JABbering Stooge

Sunday, November 06, 2005

My prediction for the fight: pain

Last week, the student newspaper at Texas State included in its Wednesday issue an election guide discussing the statewide ballot initiatives and local elections that Texans will be voting on this Tuesday. The feature peace was a point-counterpoint on Proposition 2, complete with boxing-themed graphics. Though the newspaper's website declined to post the debate, I have it archived in my personal web space (anti-Proposition 2, pro-Proposition 2). I would like to take this opportunity to rip the pro-Proposition 2 piece to shreds.

Texans have the opportunity to vote on amendments to add to the Texas Constitution this week and then on Nov. 8. The one being discussed around the dinner table is Proposition 2, an amendment that will define marriage as being between one man and one woman. Some people can discuss this issue around the table, while others end up in a food fight.

Is Bousman suggesting that only liberals would end up in a food fight, and that conservatives would be ultra-polite?

On opening day of early voting, the area surrounding The Stallions was full of people against Prop. 2. They had a pledge drive for people to vote against the measure. Even Associated Student Government, which is supposed to represent all of Texas State and not just the left side of the university, has passed a resolution to state that the university opposes Prop. 2.

Ummm...last time I checked, The Stallions was a First Amendment Zone where anyone who wanted to could speak his/her mind without fear of retaliation. That said, the Associated Student Government does indeed represent all students (not just the right side of the university).

People were comparing the so-called struggle for same-sex marriage to the civil rights movement, seeing how fast they could make Martin Luther King Jr. spin in his grave. This all begs the question: Will the supporters of Prop. 2 demonstrate in support of it, or will we hide as usual?

It amuses me that someone would think they can read into the mind of Rev. Dr. Martin Luther King Jr. and tell me with a straight face that he wanted to treat homosexuals like second-class citizens, especially with the FBI investigating him for being too liberal.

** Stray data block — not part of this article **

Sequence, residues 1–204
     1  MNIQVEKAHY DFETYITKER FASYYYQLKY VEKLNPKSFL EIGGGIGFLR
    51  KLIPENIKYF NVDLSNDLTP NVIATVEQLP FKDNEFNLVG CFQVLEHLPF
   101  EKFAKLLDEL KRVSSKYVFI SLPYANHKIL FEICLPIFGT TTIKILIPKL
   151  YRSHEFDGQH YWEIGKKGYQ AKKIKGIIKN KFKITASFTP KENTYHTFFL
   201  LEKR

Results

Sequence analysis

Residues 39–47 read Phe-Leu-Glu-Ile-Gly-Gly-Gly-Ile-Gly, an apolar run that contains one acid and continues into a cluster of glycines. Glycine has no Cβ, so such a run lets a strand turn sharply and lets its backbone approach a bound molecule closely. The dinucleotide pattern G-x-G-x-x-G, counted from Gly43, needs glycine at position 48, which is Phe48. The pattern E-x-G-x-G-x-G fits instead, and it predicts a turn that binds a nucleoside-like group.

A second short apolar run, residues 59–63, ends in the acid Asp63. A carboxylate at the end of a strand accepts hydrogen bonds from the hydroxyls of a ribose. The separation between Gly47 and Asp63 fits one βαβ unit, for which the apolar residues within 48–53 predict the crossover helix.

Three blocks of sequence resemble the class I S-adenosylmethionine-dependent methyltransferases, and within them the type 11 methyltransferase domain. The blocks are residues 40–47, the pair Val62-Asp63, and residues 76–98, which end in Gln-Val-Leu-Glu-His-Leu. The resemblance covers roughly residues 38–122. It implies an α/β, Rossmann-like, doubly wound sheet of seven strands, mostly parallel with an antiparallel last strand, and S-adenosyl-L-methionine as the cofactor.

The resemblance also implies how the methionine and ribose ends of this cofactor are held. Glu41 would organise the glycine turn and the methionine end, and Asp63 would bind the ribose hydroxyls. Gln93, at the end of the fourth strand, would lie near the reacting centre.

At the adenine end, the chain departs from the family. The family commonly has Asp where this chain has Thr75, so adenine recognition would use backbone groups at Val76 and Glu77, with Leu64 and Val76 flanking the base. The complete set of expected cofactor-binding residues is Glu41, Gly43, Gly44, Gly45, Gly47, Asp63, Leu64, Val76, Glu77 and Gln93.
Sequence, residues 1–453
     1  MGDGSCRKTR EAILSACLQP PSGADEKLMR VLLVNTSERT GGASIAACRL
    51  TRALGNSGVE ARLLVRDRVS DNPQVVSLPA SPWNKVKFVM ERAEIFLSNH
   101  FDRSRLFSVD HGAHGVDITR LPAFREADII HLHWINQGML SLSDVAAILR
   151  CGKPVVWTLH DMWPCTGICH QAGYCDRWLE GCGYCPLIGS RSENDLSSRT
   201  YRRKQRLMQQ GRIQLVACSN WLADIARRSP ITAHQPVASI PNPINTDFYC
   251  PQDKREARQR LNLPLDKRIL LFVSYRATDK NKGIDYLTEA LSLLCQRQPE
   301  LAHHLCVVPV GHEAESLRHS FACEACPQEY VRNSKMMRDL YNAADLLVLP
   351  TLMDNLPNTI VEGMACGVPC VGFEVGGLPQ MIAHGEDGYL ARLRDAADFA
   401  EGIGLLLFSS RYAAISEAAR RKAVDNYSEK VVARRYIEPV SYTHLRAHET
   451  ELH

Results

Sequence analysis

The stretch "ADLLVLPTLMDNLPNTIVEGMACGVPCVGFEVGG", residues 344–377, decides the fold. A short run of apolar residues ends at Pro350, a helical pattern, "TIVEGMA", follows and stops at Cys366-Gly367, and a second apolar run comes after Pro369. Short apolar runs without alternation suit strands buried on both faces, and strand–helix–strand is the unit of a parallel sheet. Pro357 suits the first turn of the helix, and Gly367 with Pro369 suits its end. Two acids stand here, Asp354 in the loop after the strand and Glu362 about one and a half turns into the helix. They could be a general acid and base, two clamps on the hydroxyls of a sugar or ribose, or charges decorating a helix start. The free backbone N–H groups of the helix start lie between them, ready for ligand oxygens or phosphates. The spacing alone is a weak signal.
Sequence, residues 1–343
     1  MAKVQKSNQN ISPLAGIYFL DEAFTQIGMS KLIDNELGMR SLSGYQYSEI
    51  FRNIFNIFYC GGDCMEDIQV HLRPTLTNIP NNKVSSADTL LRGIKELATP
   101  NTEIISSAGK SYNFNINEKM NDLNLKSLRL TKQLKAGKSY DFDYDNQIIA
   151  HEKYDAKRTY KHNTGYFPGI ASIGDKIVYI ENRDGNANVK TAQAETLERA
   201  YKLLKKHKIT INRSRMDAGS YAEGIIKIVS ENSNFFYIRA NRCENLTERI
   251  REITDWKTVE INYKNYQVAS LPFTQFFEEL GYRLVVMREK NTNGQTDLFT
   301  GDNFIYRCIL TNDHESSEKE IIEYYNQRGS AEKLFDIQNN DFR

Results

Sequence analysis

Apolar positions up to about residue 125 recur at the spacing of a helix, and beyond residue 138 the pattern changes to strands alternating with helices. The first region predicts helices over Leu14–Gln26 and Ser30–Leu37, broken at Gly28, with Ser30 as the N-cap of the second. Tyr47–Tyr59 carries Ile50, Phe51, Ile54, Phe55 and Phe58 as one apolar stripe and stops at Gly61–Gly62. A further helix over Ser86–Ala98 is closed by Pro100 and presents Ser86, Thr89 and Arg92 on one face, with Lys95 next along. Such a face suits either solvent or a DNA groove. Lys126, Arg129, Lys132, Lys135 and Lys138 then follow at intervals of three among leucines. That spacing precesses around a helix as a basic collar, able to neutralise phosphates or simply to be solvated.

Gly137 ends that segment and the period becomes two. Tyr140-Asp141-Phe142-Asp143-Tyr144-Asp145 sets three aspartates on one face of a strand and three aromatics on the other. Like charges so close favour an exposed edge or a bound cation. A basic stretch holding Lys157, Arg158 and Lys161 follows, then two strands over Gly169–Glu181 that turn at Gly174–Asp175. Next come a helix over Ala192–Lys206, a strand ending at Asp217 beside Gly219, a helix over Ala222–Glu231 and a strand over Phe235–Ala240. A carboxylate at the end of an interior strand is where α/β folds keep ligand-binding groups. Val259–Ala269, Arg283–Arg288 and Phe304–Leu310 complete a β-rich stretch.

Yes, I am for Prop. 2. But why would I be for a measure that would not supposedly intrude on my personal beliefs? Same-sex couples just want to be married, right? Let’s take a stroll down History Lane to answer the questions asked by many.

The first three reasons why many, including myself, support Prop. 2 will be left short to focus on my fourth reason.

Oh this should be interesting.

The first reason is because marriage has been defined as being between a man and a woman for years on end.

LOGICAL FALLACY: Appeal to Tradition.

The second reason is that polygamists have already begun to demand their rights to marry. What’s next?

LOGICAL FALLACY: Slippery Slope. Besides, there are perfectly good reasons for not allowing polygamy that don't apply to homosexuality.

The third reason why is because the nation was founded upon Christian principles; therefore the founders would vote an emphatic “YES” for Proposition 2. The framers of the Constitution believed that laws should be centered on the precepts of the Bible.

This is patently false. If it were true, why would founders such as Thomas Jefferson and James Madison say the things that they did? Why did Congress meet on Christmas Day in 1789? For that matter, why was Christmas not declared a federal holiday until June 26, 1870 (five years after the Civil War)?

And according to Genesis 18-19; Romans 1:18-32, and I Corinthians 6:9, homosexuality is a sin, not something one is born with.

Every time someone brings up Bible quotes "condemning" homosexuality, I am tempted to break out my copy of the "Letter to Dr. Laura."

Incidentally, Bousman might want to get his nose out of his (heavily redacted) Bible for more than 0.00000000000000001 seconds and mosey on over to this article which suggests that, scientifically speaking, homosexuality may not be a choice after all.

What our country needs now more than ever is to return to the principles it was founded upon. Same-sex marriage would do just the opposite.

Considering that the country was founded upon religious freedom (because, you see, the colonists were more often than not fleeing religious persecution, and wanted to make sure that it didn't happen to them in their new refuge), Bousman's position, and the amendment itself, are inherently contradictory of that principle.

The main reason why I am for Prop. 2 is because I don’t want the government and the homosexual lobby forcing same-sex marriage upon the church.

So, let’s get this straight (no pun intended). Because you don’t want to be forced into something you don’t believe in, you want the government to force others to believe something they may not necessarily believe in (i.e., that merely being homosexual is a stoning offense)? Can you possibly get more hypocritical than that?!

You don’t believe that can happen? You don’t believe the gay lobby is after that? Think again. All we have to do is look at the news that the mainstream media refuses to report to know this. Starting in Switzerland, a pastor was arrested for referring to scripture and stating from his pulpit that homosexuality is a sin. His crime? Hate speech. Canadian pastors have been fined a large amount for doing what this pastor did.